Naomi Wolf – Guantanamo Bay: The Inside Story
Has President Obama begun to honor his promise to close Guantanamo detention camp and undo secretive detention and interrogation policies within the year? Author and political consultant Naomi had to find out for herself. She is back from Cuba and wrote a highly descriptive narrative-style article of the trip titled “Guantanamo Bay: The Inside Story.” Naomi takes the reader into a surreal world where detainee handlers and lawyers flatly contradict each other and prisoners are viewed from a safari-tour distance.
- In order to close down an open society, you need secret prisons where torture takes place to create a police state.
- I’ve admired the work at CCR, and I thought since we have a new president I should go down to Guantanamo and see for myself if anything has changed.
- Getting off the plane in Cuba: It was like the Soviet Union in 1948, I was immediately separated from Pardiss Kebriaei (CCR Attorney)
- Journalists are shadowed, literally every they’re there. Not only do they keep lawyers from doing their jobs, they keep journalists from doing their jobs.
- They literally treat detainees like animals in a cage. Any action that would humanize the detainees is categorically forbidden. They showed us Camp X-Ray first – the dog-kennel-like cages.
- Running around these cages are rats the size of bulldogs.
- I went into another room and there was a huge pile of chairs. I looked closely at the legs and arms of chairs, there were duct tape marks as if someone were taped to the chair for interrogation.
- It was clear that the Obama Team wanted to communicate there was a kinder, gentler Guantanamo.
- Mohammad Al Anashi – alleged suicide. Banality of Evil
- Their bodies are crimes scenes but they can’t talk about what happened to them because it’s classified.
Guest – Naomi Wolf, author of seven books, including the groundbreaking book The End of America: A Letter of Warning To A Young Patriot, which was also turned into a feature documentary. In the book, Naomi addresses ten steps that societies, dictators, and sometimes democracies use to close an open society to move it toward fascism. Her new book is titled Give Me Liberty: A Handbook for American Revolutionaries, which is a call to action for every person, activist or not. When you ask that question “What Can I Do?” The answers are outlined in Give Me Liberty.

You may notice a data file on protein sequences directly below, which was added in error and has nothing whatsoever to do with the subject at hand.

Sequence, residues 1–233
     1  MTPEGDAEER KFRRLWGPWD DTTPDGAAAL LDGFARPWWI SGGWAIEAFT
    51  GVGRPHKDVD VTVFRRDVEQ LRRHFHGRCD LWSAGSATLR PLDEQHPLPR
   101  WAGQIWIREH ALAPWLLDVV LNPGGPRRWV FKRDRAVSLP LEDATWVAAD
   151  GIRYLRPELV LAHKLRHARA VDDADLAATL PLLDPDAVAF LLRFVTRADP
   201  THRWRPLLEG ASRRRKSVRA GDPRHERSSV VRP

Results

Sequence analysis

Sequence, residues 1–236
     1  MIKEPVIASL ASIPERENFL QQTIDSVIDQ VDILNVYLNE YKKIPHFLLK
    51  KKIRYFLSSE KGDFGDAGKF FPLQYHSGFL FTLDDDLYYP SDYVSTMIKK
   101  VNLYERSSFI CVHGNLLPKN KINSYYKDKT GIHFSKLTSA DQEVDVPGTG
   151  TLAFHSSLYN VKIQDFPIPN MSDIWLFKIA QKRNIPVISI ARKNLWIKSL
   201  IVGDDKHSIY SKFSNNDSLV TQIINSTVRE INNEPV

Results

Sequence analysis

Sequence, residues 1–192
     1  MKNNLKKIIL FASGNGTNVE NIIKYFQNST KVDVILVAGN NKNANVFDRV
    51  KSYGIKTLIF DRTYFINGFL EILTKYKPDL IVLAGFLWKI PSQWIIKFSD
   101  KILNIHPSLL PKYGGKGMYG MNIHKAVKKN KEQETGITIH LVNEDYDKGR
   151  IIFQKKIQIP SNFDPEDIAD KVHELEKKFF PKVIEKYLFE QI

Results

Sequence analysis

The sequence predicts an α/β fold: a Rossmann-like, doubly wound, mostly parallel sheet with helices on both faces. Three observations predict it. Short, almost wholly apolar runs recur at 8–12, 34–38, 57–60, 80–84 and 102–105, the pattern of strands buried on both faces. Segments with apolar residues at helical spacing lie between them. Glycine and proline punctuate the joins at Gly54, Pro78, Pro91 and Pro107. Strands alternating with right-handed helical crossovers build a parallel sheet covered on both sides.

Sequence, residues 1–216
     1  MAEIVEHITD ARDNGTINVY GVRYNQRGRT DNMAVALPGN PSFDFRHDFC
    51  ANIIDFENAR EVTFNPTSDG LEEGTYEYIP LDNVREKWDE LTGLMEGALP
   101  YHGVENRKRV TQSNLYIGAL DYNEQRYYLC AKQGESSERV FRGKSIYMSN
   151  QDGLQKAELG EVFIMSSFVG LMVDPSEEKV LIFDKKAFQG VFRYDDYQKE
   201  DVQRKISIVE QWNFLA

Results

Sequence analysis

Listen to past Law and Disorder shows with Naomi Wolf.
The Obama Administration proposed a new strategy last week for continuing the detention of Mohammed Jawad, an Afghani being held for allegedly wounding two US soldiers with a grenade in 2002. Jawad may have been as young as 12 when he was picked up in 2002. Last month, the Obama administration conceded defeat when US District Judge Ellen Segal Huvelle told Justice Department lawyers that the case for holding Jawad was “riddled with holes.” Now, the Obama administration, under pressure to release Jawad to Afghanistan, is asking to hold Jawad and try the case in a US District Court. A military judge has already ruled that his confession to Afghanistan authorities had been coerced by torture because they threatened to arrest and kill his family.
- Mohammed Jawad, arrested in Afghanistan in 2002 for allegedly throwing a grenade in a crowded market place that injured 2 US service members and their Afghan interpreter.
- Following his arrest, he was beaten and tortured by corrupt Afghan police who also threatened to kill him and his family if didn’t confess to throwing the grenade.
- He was then turned over to Americans who continued to torture and terrify him. They then obtained a different false confession.
- He was taken to Bagram Prison at the peak of torture and abuse in December 2002.
- He was then rendered from his home country and taken to Guantanamo in February 2003.
- Mohammad Jawad suffered psychological stress, was observed to be in a trance state, then psychologists saw this as an opportunity to completely break him.
- He was sleep deprived, moved 110 times during a 2 week period.
- Fall of 2008, a military judge threw out false confessions that Jawad made to Afghan and US officials.
- By the end of 2008, the military commissions case was literally on life support, meanwhile Jawad enters his seventh year of detention.
- Even after a judge dismissed the coerced torture evidence, Obama administration still tried to use this evidence against Jawad.
- The case now under US District Judge Ellen Segal Huvelle; had granted Habeas petition, ordered Jawad to be released.
- New law: Before transferring a detainee from GTMO to another country, the president must provide notice to Congress. The power to decide release of Guantanamo prisoners still in Executive Branch of US Government.
Guest – Jonathan Hafetz, attorney with the ACLU’s National Security Project and one of Jawad’s lawyers. Jonathan Hafetz blasted the Obama administration for its “pathetic attempt to prolong an outrageous case and to manipulate the court system.”